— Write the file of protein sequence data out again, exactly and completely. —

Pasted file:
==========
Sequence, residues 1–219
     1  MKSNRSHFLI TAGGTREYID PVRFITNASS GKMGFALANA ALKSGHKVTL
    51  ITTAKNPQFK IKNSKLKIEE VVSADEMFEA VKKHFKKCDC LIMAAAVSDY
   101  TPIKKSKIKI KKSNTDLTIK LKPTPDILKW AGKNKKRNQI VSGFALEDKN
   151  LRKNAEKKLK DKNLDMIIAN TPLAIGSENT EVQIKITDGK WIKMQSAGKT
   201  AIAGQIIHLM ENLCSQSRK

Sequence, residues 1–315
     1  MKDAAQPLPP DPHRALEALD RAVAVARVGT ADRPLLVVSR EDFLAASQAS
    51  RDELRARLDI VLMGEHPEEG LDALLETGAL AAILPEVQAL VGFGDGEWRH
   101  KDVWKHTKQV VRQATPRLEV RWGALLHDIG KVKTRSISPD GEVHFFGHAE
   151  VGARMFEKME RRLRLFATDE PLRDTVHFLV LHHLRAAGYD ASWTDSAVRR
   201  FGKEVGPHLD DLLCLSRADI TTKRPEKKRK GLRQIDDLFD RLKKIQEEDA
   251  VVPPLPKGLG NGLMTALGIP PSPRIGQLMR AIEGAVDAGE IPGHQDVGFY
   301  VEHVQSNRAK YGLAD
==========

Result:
Sequence, residues 1–219
     1  MKSNRSHFLI TAGGTREYID PVRFITNASS GKMGFALANA ALKSGHKVTL
    51  ITTAKNPQFK IKNSKLKIEE VVSADEMFEA VKKHFKKCDC LIMAAAVSDY
   101  TPIKKSKIKI KKSNTDLTIK LKPTPDILKW AGKNKKRNQI VSGFALEDKN
   151  LRKNAEKKLK DKNLDMIIAN TPLAIGSENT EVQIKITDGK WIKMQSAGKT
   201  AIAGQIIHLM ENLCSQSRK

Sequence, residues 1–315
     1  MKDAAQPLPP DPHRALEALD RAVAVARVGT ADRPLLVVSR EDFLAASQAS
    51  RDELRARLDI VLMGEHPEEG LDALLETGAL AAILPEVQAL VGFGDGEWRH
   101  KDVWKHTKQV VRQATPRLEV RWGALLHDIG KVKTRSISPD GEVHFFGHAE
   151  VGARMFEKME RRLRLFATDE PLRDTVHFLV LHHLRAAGYD ASWTDSAVRR
   201  FGKEVGPHLD DLLCLSRADI TTKRPEKKRK GLRQIDDLFD RLKKIQEEDA
   251  VVPPLPKGLG NGLMTALGIP PSPRIGQLMR AIEGAVDAGE IPGHQDVGFY
   301  VEHVQSNRAK YGLAD